24 Deathcount Part 7: Episodes 7-12

It’s been an action-packed couple of weeks here on Jack 24, so let’s get to it. Hour seven was absolutely action packed, with Jack, Tony, and the rest of the post-CTU gang attacking Dubaku’s hideout. The editing is a little confusing in this scene, with plenty of people shooting and getting shot, but I’m calling Jack’s kills using a simple rule – if a shot of Jack firing is immediately followed by a shot of a mercenary being killed, it counts. Obviously, these numbers can swing another way if one of the Mercs shows up in the hospital in a subsequent episode. In this scene, Jack killed 6 people.

Often Jack takes a little murder break after a big episode, but not this time – Jack was back in rare form, stabbing an evil Secret Service Agent before shooting the rest of Dubaku’s henchmen to death. Between the stabbing and shooting, Jack killed 5 people.

Then we finally arrived at the slow week, as Jack calmed things down a bit by pulling a gun on a wheelchair-bound woman and convincing her sister to risk her life. Nothing on the murder front.

Nothing big the next week, either, except for the single soldier Jack gunned down while capturing Dubaku.

Next up was the two-hour half-season spectacular, with Jack 24 torturing Kurtwood Smith’s chief of staff right in the White House! While Tony Todd was waiting right outside with a small army of soldiers! The action was fast and furious for the second hour, with Jack protecting the president from Tony Todd’s mercenaries as they cut a deadly swath through white house security. Sadly, because he spent most of the episode locked in a safe room with said President, Jack was only able to kill one of theose mercenaries. This episode saw the first episode of geek casting in a while though… I think… I didn’t check the opening or ending credits (to avoid finding out what was happening ‘next time on’), so I don’t know if it was him or not, but to me it looked like Jon Voight’s assistant was played by Rory Cochrane, late of Empire Records and CSI: Miami.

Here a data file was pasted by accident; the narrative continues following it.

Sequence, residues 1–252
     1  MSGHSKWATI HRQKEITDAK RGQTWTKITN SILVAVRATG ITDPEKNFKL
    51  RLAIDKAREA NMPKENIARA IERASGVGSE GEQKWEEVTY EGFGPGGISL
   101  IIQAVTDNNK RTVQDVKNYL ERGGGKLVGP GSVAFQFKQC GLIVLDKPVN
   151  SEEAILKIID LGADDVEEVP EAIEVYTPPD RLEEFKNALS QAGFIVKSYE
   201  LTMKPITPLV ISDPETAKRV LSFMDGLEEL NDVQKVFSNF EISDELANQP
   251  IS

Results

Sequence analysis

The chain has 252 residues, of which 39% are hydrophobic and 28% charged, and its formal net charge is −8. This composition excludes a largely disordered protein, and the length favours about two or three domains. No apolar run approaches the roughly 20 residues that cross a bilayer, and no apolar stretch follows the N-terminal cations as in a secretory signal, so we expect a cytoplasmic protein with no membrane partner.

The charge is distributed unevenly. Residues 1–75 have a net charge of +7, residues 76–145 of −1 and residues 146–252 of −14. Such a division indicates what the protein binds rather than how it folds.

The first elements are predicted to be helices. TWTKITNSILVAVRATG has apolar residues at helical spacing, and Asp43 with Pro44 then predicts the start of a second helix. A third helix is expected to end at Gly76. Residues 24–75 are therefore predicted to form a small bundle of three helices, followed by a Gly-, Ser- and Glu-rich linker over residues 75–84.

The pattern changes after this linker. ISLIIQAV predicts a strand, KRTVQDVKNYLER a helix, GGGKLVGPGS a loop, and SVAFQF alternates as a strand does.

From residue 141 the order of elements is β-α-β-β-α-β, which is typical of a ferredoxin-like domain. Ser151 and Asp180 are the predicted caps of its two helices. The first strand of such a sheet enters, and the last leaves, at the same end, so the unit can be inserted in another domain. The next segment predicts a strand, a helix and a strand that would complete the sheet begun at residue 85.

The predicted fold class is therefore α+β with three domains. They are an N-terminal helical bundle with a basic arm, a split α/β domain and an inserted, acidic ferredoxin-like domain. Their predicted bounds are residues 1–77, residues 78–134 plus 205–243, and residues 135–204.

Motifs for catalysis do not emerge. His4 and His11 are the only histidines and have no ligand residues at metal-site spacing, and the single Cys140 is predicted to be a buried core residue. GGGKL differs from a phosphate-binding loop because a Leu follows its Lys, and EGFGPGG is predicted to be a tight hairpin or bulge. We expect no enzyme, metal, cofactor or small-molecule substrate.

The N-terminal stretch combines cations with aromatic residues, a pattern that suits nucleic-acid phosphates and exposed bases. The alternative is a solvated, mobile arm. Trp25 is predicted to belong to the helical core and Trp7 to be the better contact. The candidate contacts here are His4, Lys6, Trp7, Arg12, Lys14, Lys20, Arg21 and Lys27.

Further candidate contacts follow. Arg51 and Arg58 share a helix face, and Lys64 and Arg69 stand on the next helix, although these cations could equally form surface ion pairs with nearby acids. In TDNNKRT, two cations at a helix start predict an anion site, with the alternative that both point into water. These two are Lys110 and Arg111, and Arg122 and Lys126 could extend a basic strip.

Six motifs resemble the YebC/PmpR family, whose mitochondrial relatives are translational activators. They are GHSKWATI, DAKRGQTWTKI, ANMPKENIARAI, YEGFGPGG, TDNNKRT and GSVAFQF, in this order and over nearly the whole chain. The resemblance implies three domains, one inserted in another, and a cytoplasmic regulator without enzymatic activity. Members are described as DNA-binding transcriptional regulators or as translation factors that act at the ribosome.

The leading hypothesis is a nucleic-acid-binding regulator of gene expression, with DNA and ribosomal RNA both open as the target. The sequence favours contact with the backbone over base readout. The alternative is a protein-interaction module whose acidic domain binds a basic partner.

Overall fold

As of 8PM, TFST, the totals are:

Kills: 18

Geek Castings: 6(?)

Now for a few thoughts:

That's right! With half the season left, Jack is already 3/4s of the way to fulfilling his one murder a week quota. Once that's done, all that's left is for Jack to deliver one truly memorable kill. I don't require that every season feature one, but it's always nice to see. Sliding down the hallway to shoot that one guy was nice, but it's certainly no flare gun or wall climb.

Obviously I’m really enjoying this season of 24 – more, in fact, than any season since 4, and I think there’s a pretty clear reason why. It’s got one heck of a villain, the best we’ve seen since it was Jack vs. the Mummy.

That season was truly unique in that the show actually gave its villain not only a lot of screentime, but also a clear and morally defensible point of view. While the villains of other seasons have been made up almost exclusively of genocidal foreign leaders and American business interests, the Mummy was a guy who honestly believed that American worldwide cultural and military dominance was a terrible thing, and was willing to do whatever was necessary to stop it.

Notably, the show gives the character quite a platform for his beliefs, and never offers any countering opinions, leaving viewers with the sense that while his methods were questionable, his motives – ending America’s belief that it was in charge of the rest of the world – might have been good ones. Especially considering the real-world events during which that season was produced.

Likewise, Tony Todd is playing a fascinating character this time around – the head of a sovereign nation who personally leads his soldiers into combat. Who can’t respect that? While most presidents, prime ministers, and yes, military strongmen are happy to send soldiers to do all the fighting for them, here's a man who lives it. Fighting a war against the Americans that you can't possibly win? No problem. Just lead an armed group of commandos into the white house and slap the president around a little.

The American president is depicted as being so wishy-washy that she's ready to sacrifice governmental security to protect her own family, and her opposite number is happy to go on a suicide mission behind enemy lines. He may be evil, but you can't say Tony Todd's character doesn't live it.

I'll be sad to see him go next week when Jon Voight takes the villany reins.

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